We are very happy to welcome Dr. Francois Massol to Oikos Editorial Board. Get to know him here:
These days, I try and focus my efforts on the evolution of dispersal and the evolutionary ecology of interaction networks. What I want to understand is how some traits and some particular positions in ecological networks come to be associated with a given propensity to disperse. This issue is important from a fundamental viewpoint – it relates to the knowledge of so-called “dispersal syndromes” – but it is also a hot issue from a more applied perspective because it could help understand the evolutionary emergence of would-be invasive, keystone or easily threatened species. Given my personal bias towards equations and theory, I tend to first confront these issues using models and then collaborate with more empirically minded colleagues to test theoretical predictions with field or experimental data.
However, when I write “focus my efforts”, I have to acknowledge that I spend quite a significant fraction of my time away from my usual favourite subjects, working on interdisciplinary projects (mostly with social scientists and physicists) – and I am rather thankful for these little eccentricities, for they help me broaden my perspective of theoretical approaches to modelling the dynamics of biodiversity.
Can you describe you research career? Where, what, when?
Coming from a typically French undergrad background (maths and physics), I switched to ecology and evolutionary biology during my Master and then my PhD in Montpellier, under the supervision of Philippe Jarne at the CEFE. My work at that time was focused on community ecology models. After I graduated, my first position was at the Irstea Hydrobiology lab in Aix-en-Provence, to work on more functional aspects of aquatic communities. While I was employed at Irstea, I obtained a Marie Curie fellowship that allowed me to spend a year (2009 – 2010) in Mathew Leibold’s lab in Austin, Texas, where I tried to run a mesocosm experiment dealing with the effect of dispersal on the functioning of food webs (sadly, the experiment failed, but this is another story). In 2012, I was recruited at the CNRS in Montpellier (back to the CEFE), in the group of Pierre-Olivier Cheptou, to work on the evolution of mating systems and dispersal traits in plants. In 2013, I moved to a CNRS lab in Lille (GEPV) where I joined the group of Sylvain Billiard to work on the evolutionary ecology of mating systems. Moving so frequently is both a boon and a curse for obvious reasons, but as a connoisseur of the evolution of dispersal, I try to wear this as a badge of honour (and humour).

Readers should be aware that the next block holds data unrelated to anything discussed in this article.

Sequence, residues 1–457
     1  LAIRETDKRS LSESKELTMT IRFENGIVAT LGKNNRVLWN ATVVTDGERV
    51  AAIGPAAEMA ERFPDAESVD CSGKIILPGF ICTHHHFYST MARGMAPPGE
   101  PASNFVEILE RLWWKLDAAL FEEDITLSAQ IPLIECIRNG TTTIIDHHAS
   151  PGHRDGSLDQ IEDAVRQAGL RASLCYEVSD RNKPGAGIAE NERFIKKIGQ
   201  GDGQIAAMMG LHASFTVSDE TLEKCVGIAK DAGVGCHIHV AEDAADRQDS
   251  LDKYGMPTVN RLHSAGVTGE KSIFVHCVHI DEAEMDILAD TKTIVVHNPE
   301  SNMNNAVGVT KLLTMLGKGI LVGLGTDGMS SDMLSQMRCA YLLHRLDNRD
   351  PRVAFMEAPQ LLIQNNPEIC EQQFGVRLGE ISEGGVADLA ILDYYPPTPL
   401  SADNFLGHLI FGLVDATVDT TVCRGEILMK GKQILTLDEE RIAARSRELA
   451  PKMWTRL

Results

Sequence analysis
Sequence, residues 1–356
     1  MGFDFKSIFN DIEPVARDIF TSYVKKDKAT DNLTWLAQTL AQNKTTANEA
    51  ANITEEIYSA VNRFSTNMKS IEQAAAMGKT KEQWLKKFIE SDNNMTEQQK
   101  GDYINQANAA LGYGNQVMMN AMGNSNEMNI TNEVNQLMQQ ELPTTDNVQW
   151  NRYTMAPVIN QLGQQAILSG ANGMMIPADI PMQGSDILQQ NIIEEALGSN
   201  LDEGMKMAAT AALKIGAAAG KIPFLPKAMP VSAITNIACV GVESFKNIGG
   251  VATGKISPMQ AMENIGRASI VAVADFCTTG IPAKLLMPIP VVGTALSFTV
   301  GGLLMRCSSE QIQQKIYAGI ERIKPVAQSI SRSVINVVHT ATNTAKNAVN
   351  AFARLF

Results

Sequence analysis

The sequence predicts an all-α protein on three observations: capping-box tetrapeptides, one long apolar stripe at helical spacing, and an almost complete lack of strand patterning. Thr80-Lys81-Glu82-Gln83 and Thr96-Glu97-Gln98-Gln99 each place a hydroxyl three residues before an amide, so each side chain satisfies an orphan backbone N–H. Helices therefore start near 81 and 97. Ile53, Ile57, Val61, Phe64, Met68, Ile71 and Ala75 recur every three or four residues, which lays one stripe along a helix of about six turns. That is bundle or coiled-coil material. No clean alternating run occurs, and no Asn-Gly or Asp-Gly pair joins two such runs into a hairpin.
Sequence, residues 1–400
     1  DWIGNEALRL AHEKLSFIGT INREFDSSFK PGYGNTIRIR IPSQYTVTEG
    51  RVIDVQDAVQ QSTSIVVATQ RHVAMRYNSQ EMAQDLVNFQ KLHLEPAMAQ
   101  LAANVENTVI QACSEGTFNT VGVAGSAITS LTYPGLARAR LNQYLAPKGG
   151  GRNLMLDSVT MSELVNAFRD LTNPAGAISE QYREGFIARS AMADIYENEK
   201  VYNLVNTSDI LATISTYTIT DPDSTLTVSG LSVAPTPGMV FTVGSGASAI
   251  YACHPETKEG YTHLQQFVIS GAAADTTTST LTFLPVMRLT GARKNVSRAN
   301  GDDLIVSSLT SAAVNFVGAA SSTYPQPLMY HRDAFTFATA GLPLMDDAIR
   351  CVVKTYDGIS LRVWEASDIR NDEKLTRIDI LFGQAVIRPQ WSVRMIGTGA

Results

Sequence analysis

How come that you became a scientist in ecology?
If I were to explain why I became a scientist based on personality and motivations alone, curiosity together with the possibility of working in a free-thinking environment surely had a role at some point. I would also add that my personal kind of stubbornness probably helped a lot in getting me there. However, I think it’s also quite enlightening to think of a career path in science as built half on motivations and half on contingencies. The original contingency that set me on track was the first scientific internship I did back in 2002 in Dima Sherbakov’s lab at the Limnological Institute in Irkutsk, Russia. The atmosphere in the lab, the way people were working, the passion that permeated the place – all of this probably triggered something in my mind and I have been fond of this ambience ever since. The second set of happy contingencies have been the genial encounters I made afterwards when I was looking for a PhD project, i.e. Daniel Gerdeaux and Philippe Jarne, and then during my PhD (Pierre-Olivier Cheptou, to name but one person). I am convinced that a large part of my day-to-day satisfaction at work is based on the variety and the general goodwill of the colleagues with whom I interact.
What do you do when you’re not working?
At the moment, I am quite busy taking care of the house we just bought. House chores, family and friends occupy a consequent share of my non-lab time… Generally, I tend to spend the rest of my spare time reading (Terry Pratchett, Neal Stephenson, John Le Carré, Jasper Fforde and Neil Gaiman are always on top of the list), hiking, traveling and playing badminton.
Personal webpage: https://sites.google.com/a/polytechnique.org/francoismassol/home
ResearchGate page: https://www.researchgate.net/profile/Francois_Massol